When writing, their favorite question is “What if?” The authors also pull ideas out of newspaper stories and studies they come across, although they’re careful to avoid falling into rabbit holes of news articles and studies. When they first start to work an idea, “It’s like we’re creating a collage and pinning things to it.” Then they figure out the characters who will inhabit that world. Pekkanen doesn’t believe in writer’s block, but she does believe that there are stumbling blocks. Those blocks can be an excuse, or there can be something behind it. Sometimes the blocks are telling you something.
They aren’t afraid to bounce ideas off each other. Brainstorming is a “safe place” where they know they can say anything to each other. There are no bad ideas. Pekkanen admits, “If I come up with an idea Greer doesn’t like, she’s very diplomatic. She just doesn’t say anything.” Sometimes they have an idea about how it’s going to end, but then it often changes. For example, Part three of The Wife Between Us was originally going to be told in letters, and they sold it to the publisher that way. When they write, they find themselves planting connections they don’t realize until later, and that can help them create those great plot twists.
The authors admit that it’s a mystical process, a melding of minds, but they try not to think about the process too much; if they analyze it too much, it might just might stop working. They believe that they are “better together.”
And as fans of The Wife Between Us know, the process worked really well. The book was published to great reviews and hit the bestseller lists, and Hendricks celebrated the success by having matching necklaces made for them with a stone that matched the color of the cover.
They later learned that they broke a lot of the rules, and they admitted “We didn’t know what the rules were.” They made their characters relatable, even if not necessarily likeable.
With An Anonymous Girl, they went for immediacy, even writing parts of the book in the second person. This way, the reader feels like they are one of the subjects of the psychological experiment, and are compelled to answer the questions, just like the character. They wanted to delve into the psychologist/patient relationship. What do psychologists feel about their patients?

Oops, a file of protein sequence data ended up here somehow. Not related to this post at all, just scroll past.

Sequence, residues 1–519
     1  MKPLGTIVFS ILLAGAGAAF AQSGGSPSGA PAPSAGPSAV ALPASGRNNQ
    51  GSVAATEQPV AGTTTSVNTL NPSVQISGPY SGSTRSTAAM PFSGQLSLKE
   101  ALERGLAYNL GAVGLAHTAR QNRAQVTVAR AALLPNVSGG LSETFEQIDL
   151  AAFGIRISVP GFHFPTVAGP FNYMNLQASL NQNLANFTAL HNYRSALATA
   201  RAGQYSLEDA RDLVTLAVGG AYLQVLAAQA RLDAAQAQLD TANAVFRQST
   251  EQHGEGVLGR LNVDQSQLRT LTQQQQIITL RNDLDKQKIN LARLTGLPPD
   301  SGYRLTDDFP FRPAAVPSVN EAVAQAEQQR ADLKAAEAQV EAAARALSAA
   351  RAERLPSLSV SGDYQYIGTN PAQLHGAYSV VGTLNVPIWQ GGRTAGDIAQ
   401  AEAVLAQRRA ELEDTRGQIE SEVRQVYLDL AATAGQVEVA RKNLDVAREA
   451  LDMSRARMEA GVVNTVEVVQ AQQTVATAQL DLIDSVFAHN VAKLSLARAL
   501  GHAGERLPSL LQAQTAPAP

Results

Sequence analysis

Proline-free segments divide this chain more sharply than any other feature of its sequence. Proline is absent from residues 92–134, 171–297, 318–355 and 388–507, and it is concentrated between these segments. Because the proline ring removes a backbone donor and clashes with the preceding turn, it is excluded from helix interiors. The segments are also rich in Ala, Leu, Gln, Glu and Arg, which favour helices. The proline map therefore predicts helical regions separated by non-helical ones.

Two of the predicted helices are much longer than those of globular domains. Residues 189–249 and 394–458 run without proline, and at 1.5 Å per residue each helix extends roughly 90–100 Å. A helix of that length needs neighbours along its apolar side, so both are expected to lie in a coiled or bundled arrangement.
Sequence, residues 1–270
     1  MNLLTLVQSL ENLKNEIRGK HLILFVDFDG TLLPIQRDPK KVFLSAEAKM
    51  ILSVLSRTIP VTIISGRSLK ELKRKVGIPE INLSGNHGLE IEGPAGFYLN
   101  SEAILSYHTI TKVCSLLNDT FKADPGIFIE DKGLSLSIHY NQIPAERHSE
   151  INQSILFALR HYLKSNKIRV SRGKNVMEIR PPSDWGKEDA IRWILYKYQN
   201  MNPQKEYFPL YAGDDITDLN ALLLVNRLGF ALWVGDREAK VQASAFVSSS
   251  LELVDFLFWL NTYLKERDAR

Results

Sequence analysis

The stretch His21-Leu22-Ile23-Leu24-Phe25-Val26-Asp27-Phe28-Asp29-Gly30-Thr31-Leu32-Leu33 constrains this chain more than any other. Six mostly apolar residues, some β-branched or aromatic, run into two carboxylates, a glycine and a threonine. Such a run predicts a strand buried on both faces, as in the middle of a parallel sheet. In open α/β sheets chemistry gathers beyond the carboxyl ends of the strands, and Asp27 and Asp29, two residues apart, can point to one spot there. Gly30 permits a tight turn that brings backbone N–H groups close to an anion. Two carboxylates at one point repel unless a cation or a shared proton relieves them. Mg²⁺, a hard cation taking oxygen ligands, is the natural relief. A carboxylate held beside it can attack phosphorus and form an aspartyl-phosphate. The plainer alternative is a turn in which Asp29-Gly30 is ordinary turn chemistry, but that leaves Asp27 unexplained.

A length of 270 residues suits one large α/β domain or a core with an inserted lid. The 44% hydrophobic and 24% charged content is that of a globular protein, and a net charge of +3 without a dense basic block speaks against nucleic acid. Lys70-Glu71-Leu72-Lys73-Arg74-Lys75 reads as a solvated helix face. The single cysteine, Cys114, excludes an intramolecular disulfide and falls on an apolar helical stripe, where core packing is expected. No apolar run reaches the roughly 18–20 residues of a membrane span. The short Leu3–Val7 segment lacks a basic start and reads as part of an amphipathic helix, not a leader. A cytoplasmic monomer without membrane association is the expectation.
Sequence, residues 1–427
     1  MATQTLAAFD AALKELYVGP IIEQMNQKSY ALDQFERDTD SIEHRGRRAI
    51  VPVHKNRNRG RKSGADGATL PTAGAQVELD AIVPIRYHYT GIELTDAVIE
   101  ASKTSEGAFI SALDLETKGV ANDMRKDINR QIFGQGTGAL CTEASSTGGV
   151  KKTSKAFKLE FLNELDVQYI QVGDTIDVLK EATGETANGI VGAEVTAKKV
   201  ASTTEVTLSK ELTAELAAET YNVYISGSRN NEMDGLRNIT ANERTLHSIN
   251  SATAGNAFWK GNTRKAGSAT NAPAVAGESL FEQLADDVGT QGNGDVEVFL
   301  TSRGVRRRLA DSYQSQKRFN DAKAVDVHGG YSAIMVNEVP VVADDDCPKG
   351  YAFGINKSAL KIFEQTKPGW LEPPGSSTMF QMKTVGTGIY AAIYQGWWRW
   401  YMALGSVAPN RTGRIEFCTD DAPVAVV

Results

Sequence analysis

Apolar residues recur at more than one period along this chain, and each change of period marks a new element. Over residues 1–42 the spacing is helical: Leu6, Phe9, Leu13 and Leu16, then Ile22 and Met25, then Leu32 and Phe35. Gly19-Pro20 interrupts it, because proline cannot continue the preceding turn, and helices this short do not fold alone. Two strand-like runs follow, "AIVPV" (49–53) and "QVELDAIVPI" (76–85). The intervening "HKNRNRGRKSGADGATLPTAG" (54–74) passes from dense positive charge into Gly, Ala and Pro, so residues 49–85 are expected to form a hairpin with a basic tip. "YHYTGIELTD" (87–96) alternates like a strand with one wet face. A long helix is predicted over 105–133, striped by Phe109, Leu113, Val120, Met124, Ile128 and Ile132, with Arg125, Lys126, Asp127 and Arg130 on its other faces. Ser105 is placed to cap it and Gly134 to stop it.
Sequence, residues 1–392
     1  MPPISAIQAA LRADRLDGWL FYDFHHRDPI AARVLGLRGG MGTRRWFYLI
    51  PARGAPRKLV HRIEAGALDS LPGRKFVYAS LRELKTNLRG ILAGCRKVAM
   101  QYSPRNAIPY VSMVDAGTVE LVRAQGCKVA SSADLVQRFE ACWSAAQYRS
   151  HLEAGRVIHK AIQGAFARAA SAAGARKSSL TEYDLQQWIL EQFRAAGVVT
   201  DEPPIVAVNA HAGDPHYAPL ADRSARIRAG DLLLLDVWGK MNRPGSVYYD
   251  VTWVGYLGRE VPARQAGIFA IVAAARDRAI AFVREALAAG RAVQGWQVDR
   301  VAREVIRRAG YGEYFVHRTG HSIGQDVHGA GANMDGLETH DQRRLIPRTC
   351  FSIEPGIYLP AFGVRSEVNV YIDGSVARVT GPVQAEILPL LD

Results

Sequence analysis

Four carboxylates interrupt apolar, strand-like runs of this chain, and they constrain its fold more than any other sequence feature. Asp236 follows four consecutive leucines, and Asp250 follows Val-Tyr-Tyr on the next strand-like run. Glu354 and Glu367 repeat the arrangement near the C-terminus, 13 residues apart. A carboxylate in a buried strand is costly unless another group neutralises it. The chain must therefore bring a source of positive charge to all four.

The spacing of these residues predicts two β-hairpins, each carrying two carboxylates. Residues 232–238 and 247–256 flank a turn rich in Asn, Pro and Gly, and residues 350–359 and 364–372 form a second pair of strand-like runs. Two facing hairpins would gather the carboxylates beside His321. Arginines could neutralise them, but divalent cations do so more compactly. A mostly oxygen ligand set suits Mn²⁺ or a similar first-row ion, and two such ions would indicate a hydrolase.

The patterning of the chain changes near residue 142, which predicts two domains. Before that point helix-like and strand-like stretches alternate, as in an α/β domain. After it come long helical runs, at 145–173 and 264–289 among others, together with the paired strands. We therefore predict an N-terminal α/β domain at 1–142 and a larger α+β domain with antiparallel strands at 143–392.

With stories like this, it should be no surprise that Hollywood also has its eyes on Hendricks and Pekkanen. E1, the company behind the Sharp Objects miniseries, has optioned on An Anonymous Girl for a TV series. The Wife Between Us was optioned by Amblin before they even finished writing it. The studio loved Part 1. “They loved it!” Then they sent them Part 2. Silence. They sent them Part 3. Silence.
After it was published, they met with Amblin. There, they learned that screenwriters kept trying to adapt the book but couldn’t get the twist right. So Hendricks and Pekkanen were asked if they wanted to try. First, they Googled “how to write a screenplay.” Then they did a pitch over the phone – and they got it! They love doing the screenplay, taking the elements they know so well and telling the story in a visual way.
The question and answer session was fascinating not just because of the things the authors had to say, but also because of the variety of questions asked. One person asked the authors how they choose the covers – it’s easy to forget that most people don’t realize authors don’t choose the covers. They also discussed their relationship with their editor, and how long the publishing process can take.
They also credited the marketing department at St. Martin’s Press for creating so much buzz for their books. St. Martin’s goes beyond the traditional social media posts. They have also experimented with everything from mailing ARCs to fans and sending out clever “reminders” to fans (lucky fans got an egg-shaped beauty blender!) to an on-line quiz.
Kudos to the Howard County Library System for not just hosting this event, but also running it so smoothly. Also, many thanks to Books With A Past for making it possible for so many people to get signed copies of both books. Two of my friends will be getting personalized books as gifts!
~ Anne Marble